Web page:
Episode 1: Birth


Episode Artwork
1.0x
0% played 00:00 00:00
Apr 06 2020 13 mins   5

Welcome to the first episode! Today our letter writer advises her past self about birth trauma and postpartum depression, but also love and hope.

Dear Leslie,

It’s only been a year since I was you, but this year is big. Huge. Ginormous. You’re nervous, and that’s fair, so let me start with this.

Everything is going to be fine. Your husband’s birthday wish came true. Healthy Leslie. Healthy baby.

Let me walk you through this. You’re going to wake up at 12:13 am. Not unusual. You’ve been having trouble sleeping because, well, you’re pregnant, and that’s what happens when you’re pregnant. The baby is snuggled comfortably on top of your bladder and you, quite literally, have to pee at least once an hour. You’ll stand and you will be instantly soaked from the waist down. Here’s what you will think:

Shoot.

My water just broke.

Did my water just break?
I peed myself.

No I didn’t pee myself!

I’d know if I peed myself!

Would I know if my water just broke?

Yes. My water just broke.

What do I do if my water breaks?

What you will do is pee, because you still need to pee, then you will check that your suitcase is packed. It is. It has been for weeks. You know how you are.

To your relief, you won’t have to wake up your husband. He will be awake, poking around the kitchen for a snack. He will turn to you and say, in mock anger, “What do you want?” His face will remain completely calm when you tell him. Moments like this, big, scary moments, are what he’s best at. This is why, before you knew you loved him and your breaks gave out on a hill, you called him first. Not because he knew anything about cars. God, no, but because you felt better when he was with you, and you needed to feel better.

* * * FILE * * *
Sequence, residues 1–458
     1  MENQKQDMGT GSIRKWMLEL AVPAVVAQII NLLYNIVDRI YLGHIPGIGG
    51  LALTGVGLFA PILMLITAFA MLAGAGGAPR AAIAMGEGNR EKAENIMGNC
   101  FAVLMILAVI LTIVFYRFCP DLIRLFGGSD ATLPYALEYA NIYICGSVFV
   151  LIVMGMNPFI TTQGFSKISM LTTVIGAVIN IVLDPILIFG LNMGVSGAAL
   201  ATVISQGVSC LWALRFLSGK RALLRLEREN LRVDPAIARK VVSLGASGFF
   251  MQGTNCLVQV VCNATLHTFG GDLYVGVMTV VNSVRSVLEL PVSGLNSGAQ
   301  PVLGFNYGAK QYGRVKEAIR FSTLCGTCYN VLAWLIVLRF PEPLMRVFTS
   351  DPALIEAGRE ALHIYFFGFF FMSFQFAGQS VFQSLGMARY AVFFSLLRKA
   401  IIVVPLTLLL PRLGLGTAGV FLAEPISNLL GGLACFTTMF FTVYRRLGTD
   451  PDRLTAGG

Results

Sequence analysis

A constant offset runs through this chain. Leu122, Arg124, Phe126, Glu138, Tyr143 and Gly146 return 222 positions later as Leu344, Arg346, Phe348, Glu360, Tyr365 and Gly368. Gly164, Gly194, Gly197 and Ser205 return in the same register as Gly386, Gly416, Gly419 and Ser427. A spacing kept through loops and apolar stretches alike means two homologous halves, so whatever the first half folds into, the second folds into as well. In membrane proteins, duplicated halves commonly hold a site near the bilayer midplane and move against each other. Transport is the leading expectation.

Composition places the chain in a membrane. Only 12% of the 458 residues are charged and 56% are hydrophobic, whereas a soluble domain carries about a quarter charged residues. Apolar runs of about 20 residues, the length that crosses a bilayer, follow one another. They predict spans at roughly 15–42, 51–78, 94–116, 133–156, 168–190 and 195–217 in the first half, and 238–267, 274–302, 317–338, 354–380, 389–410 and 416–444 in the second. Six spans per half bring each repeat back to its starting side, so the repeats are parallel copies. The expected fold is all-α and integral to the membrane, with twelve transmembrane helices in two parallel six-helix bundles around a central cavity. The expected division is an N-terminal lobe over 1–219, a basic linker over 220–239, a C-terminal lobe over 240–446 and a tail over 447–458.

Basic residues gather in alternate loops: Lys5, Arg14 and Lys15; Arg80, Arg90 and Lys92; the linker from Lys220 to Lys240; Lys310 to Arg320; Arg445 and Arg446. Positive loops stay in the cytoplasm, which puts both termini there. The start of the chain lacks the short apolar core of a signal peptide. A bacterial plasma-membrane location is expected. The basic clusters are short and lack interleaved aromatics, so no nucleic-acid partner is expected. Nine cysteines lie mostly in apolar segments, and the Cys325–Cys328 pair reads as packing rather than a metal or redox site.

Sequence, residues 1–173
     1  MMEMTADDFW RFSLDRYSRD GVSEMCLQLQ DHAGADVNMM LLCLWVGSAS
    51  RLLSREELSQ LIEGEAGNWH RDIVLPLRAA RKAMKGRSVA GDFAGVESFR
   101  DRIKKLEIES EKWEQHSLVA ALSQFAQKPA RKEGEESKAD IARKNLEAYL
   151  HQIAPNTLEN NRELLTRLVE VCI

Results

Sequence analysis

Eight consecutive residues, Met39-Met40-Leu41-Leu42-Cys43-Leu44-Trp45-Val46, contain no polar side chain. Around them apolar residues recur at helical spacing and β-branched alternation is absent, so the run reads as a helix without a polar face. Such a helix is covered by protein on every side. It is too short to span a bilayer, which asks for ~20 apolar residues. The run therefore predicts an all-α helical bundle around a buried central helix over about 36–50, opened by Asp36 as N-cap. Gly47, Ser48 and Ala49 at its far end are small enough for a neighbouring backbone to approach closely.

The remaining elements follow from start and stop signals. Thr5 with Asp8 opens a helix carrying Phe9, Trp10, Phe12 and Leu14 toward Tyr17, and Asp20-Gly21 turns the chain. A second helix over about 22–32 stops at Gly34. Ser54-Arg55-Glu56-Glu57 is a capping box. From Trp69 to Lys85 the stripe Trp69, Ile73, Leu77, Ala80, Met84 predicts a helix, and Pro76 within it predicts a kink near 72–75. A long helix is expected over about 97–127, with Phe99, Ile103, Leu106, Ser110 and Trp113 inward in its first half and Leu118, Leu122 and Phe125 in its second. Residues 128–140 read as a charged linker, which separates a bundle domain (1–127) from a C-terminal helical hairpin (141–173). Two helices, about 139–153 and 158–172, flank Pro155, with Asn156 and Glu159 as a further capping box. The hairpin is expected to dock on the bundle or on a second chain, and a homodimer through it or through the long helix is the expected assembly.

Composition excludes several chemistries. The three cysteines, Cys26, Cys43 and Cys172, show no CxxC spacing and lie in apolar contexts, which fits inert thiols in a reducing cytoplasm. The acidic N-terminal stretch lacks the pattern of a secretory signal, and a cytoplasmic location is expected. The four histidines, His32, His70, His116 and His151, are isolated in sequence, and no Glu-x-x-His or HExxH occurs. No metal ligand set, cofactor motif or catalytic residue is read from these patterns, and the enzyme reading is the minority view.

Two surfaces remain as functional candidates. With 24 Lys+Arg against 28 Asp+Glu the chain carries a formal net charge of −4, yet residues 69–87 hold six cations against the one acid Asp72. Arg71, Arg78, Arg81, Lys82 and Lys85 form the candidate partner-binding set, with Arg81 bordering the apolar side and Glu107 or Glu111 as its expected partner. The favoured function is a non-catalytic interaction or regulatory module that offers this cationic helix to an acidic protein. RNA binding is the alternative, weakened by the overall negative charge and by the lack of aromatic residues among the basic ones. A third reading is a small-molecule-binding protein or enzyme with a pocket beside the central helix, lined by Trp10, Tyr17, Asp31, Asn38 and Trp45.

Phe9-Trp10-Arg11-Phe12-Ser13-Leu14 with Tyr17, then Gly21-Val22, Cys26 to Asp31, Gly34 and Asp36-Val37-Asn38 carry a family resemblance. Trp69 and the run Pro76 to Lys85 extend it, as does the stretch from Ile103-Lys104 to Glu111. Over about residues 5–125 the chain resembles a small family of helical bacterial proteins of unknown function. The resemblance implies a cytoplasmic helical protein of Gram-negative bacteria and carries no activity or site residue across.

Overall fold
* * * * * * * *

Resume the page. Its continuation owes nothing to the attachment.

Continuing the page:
He will remind you to call the doctor.

There’s a lot of things to consider when you’re pregnant. You didn’t realize how many things there were to worry about, and I know you can’t stop thinking about the long history, the thousands and thousands of years, of women dying in childbirth. You think of the women hiding themselves in dark, airless rooms, hoping that the restriction will somehow make their babies healthier. You think of blood and heat and fear and prayers. You will think of motherhood, the destroyer, the last act of so many women, and how it is, inescapably, coming for you.

You will think about the conversation you had with Jay, sitting on his porch swing, watching his four year old summersault around the yard as he told you that he didn’t love his boy right away, how his cousin and best friend didn’t either, warned him that it might not happen. Jay told you that you just have to endure. You just have to keep going until the feelings come.